The Starbucks Tuition Program: A Good, Free-Market Start

This story from Starbucks is a nice, positive one about higher education (for a change):

Starbucks (SBUX) and Arizona State University are entering a first of its kind partnership that will allow many employees to get college degrees without going deep into debt or, in some cases paying any tuition at all.

The Starbucks College Achievement Plan will give full tuition reimbursement to employees working more than 20 hours a week if they enter ASU’s online program as juniors or seniors. Others will be able to apply for scholarships worth $6,500 on average if they enroll as freshmen or sophomores. ASU has promised that its advisors will help students apply for other need-based financial aid programs.

The tuition reimbursement program only applies to Starbucks workers at company-owned stores. Workers at licensed stores, such as the ones in grocery stores, aren’t entitled to company benefits. Starbucks has roughly 8,100 company owned locations compared to 5,400 licensed stores.

Bravo, Starbucks.

As frequent readers of Pocket Full of Liberty know, we often discuss the costs of higher education and the root cause of the parabolic trend upward: government. In short, the increased availability of student loan money at an artificially low interest rate has increased the demand for college education. That is not necessarily a bad thing, until you realize that the job market sucks and you won’t get a $100,000 job after you major in South Pacific Interpretive Dance for five plus years.

One of the big memes during the 2012 election and even afterwards is that the evil Republicans are “doubling” the interest rate by refusing to extend the student loan interest subsidy that Congress periodically has to authorize. Rather than focus on difficult tasks such as college education costs, student loan debt, and the job market, the President and his OFA minions found it more convenient to focus on the subsidized student loan interest rate increase with a snappy #hashtag.

Leave it to the free market to offer a solution.

Starbucks’ new benefit for its employees is a nice example of a corporation being a “good citizen” on its own accord. No government passed a statute mandating tuition reimbursement. There were no massive protests or boycotts by professional “activists.” Starbucks simply decided that, as a fringe benefit for its employees who work twenty or more hours per week, they could enroll online with Arizona State University’s degree program and obtain a degree.

Tuition reimbursement is not a new concept, of course. Many companies encourage their employees to enroll in Masters’ programs, for example, and pay for them. However, it is typically expected (i.e., contractually mandated) that the student work for the company for a period of time or else be forced to reimburse the company.

Starbucks’ program actually does not require the employee to stay on for any period of time longer than graduation:

Starbucks says employees who accept the deal will face no obligation to repay the value of the scholarship or stay with the company. For public consumption at least Starbucks is simply trying to address an inequality that’s leaving many Americans behind. In a statement CEO Howard Schultz referred to the “fracturing of the American Dream” and inequality seemingly cementing itself in the country. “The question for all of us is, should we accept that or should we try and do something about it.”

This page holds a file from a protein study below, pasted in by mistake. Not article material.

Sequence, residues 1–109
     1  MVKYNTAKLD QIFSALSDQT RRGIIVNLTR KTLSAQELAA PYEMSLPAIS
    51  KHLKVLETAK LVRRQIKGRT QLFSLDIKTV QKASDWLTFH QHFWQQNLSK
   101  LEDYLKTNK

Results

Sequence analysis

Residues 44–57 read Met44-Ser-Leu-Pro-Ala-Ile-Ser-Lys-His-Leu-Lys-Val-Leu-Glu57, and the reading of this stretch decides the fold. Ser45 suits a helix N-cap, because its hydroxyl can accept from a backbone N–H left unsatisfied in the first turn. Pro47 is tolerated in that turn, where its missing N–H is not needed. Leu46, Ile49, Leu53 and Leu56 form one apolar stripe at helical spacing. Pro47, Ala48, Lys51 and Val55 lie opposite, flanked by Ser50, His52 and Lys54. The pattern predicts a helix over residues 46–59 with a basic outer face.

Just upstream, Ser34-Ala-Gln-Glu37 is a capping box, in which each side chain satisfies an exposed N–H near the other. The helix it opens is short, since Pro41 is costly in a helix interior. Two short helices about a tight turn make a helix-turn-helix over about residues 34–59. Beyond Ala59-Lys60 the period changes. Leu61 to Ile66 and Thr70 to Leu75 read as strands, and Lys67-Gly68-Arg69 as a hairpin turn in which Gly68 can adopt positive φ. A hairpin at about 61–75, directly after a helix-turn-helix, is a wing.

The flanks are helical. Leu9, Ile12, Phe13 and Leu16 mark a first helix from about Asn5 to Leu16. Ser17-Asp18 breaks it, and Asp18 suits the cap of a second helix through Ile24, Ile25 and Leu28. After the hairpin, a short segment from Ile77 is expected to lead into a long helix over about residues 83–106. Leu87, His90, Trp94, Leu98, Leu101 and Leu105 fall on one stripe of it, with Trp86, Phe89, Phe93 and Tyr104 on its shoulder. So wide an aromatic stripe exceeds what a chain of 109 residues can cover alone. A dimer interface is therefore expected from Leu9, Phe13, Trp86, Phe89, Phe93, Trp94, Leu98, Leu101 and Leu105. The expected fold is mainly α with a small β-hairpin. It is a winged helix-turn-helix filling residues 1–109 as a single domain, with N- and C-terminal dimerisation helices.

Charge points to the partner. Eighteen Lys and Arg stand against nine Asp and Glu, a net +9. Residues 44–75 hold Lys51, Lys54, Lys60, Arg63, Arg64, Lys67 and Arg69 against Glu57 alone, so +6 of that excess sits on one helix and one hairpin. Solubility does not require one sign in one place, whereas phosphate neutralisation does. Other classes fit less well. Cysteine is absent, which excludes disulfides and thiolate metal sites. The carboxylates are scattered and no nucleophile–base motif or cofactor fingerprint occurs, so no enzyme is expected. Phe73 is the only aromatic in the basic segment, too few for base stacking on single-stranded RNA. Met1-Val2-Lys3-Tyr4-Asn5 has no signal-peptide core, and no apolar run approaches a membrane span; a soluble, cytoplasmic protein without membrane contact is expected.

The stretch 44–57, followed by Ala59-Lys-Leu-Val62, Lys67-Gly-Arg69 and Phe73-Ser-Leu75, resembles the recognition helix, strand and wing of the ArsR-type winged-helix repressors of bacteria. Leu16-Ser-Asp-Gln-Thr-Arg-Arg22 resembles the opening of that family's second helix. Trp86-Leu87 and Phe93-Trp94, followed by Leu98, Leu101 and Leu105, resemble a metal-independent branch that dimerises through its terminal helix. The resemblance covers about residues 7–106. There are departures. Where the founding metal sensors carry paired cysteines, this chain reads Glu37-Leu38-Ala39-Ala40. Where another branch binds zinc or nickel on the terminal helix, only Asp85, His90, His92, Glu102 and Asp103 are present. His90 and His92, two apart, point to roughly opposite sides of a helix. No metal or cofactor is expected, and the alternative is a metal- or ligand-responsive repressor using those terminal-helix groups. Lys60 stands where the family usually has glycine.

Now, I don’t know all of the details of the agreement between Starbucks and Arizona State University, but I’d bet they offered Starbucks reduced tuition costs if a certain number of Starbucks employees enrolled. If that’s correct, that is a good thing as well, because it’s an example of a free market solution leading to a lower cost of higher education.

Of course, there are already some detractors who are complaining that Starbucks employees who work at licensee stores (like in Target or Barnes & Noble, for example) aren’t eligible:

But thousands of baristas who wear Starbucks aprons won’t be eligible for free college.

The tuition reimbursement program only applies to Starbucks workers at company-owned stores. Workers at licensed stores, such as the ones in grocery stores, aren’t entitled to company benefits.

That’s not Starbucks’ fault, obviously (as the article points out). Those employees actually work for Target or Barnes & Noble — not Starbucks.

On the one hand, we have the government which is pushing more and more student loans on students –essentially “throwing money at the problem.” As the financial blog Zero Hedge points out, student loans outstanding (and delinquencies) are at record highs. Moreover, student loans are not dischargable in bankruptcy except under certain circumstances (death, incapacity, and the like).

On the other hand, we have market innovation with Starbucks and ASU. I’d imagine that other megacorporations will follow suit soon as well, leading to more decreased costs and degrees with other institutions.

Bottom line: Starbucks has taken a step towards helping its employees get a college education at low or no cost. Rather than subsidizing the costs of tuition and pushing unsustainable debt loads on students, government should find ways to reduce college costs. It can start by getting out of the student loan business and let private lenders lend (at market rates).

As always, free markets are better markets.